Saturday, July 04, 2015

Flipkart, ecommerce, machine learning, and free advice

I wrote about the obsession of Flipkart (and Myntra) with "mobile-only" without even having an iPad-optimized app! I also talked about the stunning advances being made in voice-search by using machine learning, cognitive learning, natural language processing, even as voice-based search capabilities of e-commerce companies - including Amazon - remain abysmal. Finally, I also included several use-cases that these companies need to work on incorporating into their capabilities.

That piece, Flipkart, Focus and Free Advice, appeared in DNA on June 27th, 2015.


My earlier pieces on the same topic:
  1. Flipkart vs Amazon: Beware the Whispering Death - 20th April '15 (blog, dna)
  2. Mobile Apps: There’s Something (Profitable) About Your Privacy - 18th April '15  (blog, dna)
  3. Mobile advertising and how the numbers game can be misleading - 14th April '15  (blog, dna)
  4. Is Flipkart losing focus - 12th April '15  (blog, dna)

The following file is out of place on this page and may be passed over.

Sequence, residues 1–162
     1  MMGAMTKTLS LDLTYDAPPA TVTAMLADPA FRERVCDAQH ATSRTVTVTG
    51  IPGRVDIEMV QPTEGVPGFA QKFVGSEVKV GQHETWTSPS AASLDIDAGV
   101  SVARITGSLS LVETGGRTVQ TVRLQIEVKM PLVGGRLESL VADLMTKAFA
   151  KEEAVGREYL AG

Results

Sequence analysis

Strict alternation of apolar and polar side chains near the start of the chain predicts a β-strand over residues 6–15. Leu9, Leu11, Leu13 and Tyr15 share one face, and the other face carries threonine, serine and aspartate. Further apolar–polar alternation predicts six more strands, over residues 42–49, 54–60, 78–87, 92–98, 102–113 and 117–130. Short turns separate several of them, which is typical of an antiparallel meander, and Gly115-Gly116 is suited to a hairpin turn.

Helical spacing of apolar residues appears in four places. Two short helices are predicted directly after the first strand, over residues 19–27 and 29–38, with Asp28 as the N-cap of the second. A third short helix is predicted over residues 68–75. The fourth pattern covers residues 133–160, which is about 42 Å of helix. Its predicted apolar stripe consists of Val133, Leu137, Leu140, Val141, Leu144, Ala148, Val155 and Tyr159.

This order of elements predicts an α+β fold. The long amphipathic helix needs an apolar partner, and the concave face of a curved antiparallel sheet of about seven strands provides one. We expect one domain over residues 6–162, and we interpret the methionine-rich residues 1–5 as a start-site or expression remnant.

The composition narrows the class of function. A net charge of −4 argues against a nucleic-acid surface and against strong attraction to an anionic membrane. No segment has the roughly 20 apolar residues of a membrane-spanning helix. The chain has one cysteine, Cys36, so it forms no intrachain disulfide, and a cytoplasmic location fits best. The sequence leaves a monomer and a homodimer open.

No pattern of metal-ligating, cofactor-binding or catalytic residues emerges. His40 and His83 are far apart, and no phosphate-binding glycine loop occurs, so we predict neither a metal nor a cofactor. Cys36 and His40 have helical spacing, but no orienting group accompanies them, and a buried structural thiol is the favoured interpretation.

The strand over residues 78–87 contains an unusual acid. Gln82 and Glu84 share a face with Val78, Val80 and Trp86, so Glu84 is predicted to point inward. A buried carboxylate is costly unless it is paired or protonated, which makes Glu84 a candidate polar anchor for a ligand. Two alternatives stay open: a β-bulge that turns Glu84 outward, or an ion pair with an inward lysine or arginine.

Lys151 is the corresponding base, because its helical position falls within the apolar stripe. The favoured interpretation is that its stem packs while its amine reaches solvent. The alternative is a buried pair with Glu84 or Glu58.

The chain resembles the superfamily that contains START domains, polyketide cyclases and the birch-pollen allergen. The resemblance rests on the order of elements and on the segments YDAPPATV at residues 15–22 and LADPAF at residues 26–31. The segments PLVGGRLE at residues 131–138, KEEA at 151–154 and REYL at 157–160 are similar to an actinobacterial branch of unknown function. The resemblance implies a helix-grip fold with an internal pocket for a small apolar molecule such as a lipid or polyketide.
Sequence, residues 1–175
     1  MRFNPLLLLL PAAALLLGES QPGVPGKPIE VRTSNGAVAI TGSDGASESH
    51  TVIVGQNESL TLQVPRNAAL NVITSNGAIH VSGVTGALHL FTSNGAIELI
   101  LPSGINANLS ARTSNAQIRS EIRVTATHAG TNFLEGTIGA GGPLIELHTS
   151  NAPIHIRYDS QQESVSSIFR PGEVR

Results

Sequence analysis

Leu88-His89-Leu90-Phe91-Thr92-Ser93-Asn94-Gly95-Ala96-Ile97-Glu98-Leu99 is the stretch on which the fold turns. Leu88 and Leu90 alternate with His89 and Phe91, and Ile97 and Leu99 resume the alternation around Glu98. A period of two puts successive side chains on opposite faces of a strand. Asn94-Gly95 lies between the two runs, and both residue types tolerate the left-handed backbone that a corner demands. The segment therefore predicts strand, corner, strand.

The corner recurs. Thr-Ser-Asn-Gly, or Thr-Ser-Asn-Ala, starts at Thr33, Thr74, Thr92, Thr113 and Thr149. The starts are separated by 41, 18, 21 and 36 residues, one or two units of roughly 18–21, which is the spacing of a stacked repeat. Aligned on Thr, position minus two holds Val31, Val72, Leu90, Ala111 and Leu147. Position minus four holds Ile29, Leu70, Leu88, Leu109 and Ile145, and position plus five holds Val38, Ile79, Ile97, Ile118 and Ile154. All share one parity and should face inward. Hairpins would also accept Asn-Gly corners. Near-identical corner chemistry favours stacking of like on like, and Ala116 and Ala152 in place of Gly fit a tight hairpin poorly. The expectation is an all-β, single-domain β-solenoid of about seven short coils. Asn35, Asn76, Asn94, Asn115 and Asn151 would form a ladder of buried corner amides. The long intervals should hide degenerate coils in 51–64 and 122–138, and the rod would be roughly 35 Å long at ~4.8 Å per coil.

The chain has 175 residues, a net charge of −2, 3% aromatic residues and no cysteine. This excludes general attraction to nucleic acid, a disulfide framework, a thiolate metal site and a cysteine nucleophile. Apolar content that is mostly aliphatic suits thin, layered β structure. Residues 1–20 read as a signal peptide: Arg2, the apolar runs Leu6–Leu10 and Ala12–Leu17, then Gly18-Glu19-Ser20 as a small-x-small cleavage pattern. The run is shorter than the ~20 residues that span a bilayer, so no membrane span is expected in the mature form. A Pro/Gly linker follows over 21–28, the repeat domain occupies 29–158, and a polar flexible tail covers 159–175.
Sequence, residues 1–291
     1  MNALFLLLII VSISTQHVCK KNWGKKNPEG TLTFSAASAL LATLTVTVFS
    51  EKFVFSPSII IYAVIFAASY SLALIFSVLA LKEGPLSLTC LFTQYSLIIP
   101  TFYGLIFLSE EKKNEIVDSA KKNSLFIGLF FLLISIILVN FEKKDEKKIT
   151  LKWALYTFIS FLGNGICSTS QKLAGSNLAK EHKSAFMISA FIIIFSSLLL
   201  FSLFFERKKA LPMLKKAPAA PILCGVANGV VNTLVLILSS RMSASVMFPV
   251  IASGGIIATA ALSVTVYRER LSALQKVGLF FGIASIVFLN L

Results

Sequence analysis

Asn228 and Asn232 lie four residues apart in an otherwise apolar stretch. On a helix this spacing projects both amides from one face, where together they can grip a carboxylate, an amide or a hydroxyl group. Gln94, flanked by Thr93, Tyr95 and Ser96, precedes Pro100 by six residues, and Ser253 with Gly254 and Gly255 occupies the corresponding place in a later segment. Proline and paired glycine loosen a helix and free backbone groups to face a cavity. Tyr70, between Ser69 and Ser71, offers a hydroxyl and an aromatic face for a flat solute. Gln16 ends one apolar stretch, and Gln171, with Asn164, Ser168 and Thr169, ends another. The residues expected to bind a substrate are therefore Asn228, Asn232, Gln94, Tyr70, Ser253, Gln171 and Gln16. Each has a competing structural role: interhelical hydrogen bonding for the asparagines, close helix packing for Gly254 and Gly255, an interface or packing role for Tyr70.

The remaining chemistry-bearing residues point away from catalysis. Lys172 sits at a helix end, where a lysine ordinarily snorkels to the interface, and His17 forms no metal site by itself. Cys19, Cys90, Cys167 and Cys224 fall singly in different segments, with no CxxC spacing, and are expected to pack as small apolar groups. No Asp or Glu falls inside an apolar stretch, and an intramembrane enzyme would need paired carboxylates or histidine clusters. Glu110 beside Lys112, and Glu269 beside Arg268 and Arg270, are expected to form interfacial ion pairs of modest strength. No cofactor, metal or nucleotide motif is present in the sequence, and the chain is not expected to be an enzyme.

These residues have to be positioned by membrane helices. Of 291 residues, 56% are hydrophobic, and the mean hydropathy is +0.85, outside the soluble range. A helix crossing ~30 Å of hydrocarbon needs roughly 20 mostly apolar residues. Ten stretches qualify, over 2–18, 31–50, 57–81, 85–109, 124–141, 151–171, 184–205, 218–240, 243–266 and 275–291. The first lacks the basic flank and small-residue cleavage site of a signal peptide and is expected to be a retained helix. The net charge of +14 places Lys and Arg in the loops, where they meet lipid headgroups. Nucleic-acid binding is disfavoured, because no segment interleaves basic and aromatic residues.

Flipkart, Focus, and Free Advice – Shipping Charges Also Waived!

What is one to make of a statement like this - “India is not mobile-first, but mobile-only country[1]”? Especially so if it is from the co-founder of the largest ecommerce company in India, and it turns out the company does not even have an app for the Apple iPad?

I have written at length on the distractions that seem to have been plaguing Flipkart and why it cannot afford to drop its guard in this fiercely contested space[2] - especially in light of all the noise surrounding its mobile ambitions. Somewhat paradoxically, this post is about offering advice to Flipkart that calls for some diversification!

As a logical next step, I wanted to take a look at Flipkart’s mobile apps – both on the iOS and Android platforms – to see how well they were executing on their very bold ambitions. As an aside, I also wanted to see if these (and competitive) mobile apps were leveraging all the computing power now available on tap inside these tiny devices. After all, apart from the recent – and amazing – advances Google has made in its voice-based search capabilities[3], there was this stunning demo from Hound[4] that gave a glimpse into the huge advances that voice-recognition, search, and machine-learning technologies have made in the last decade.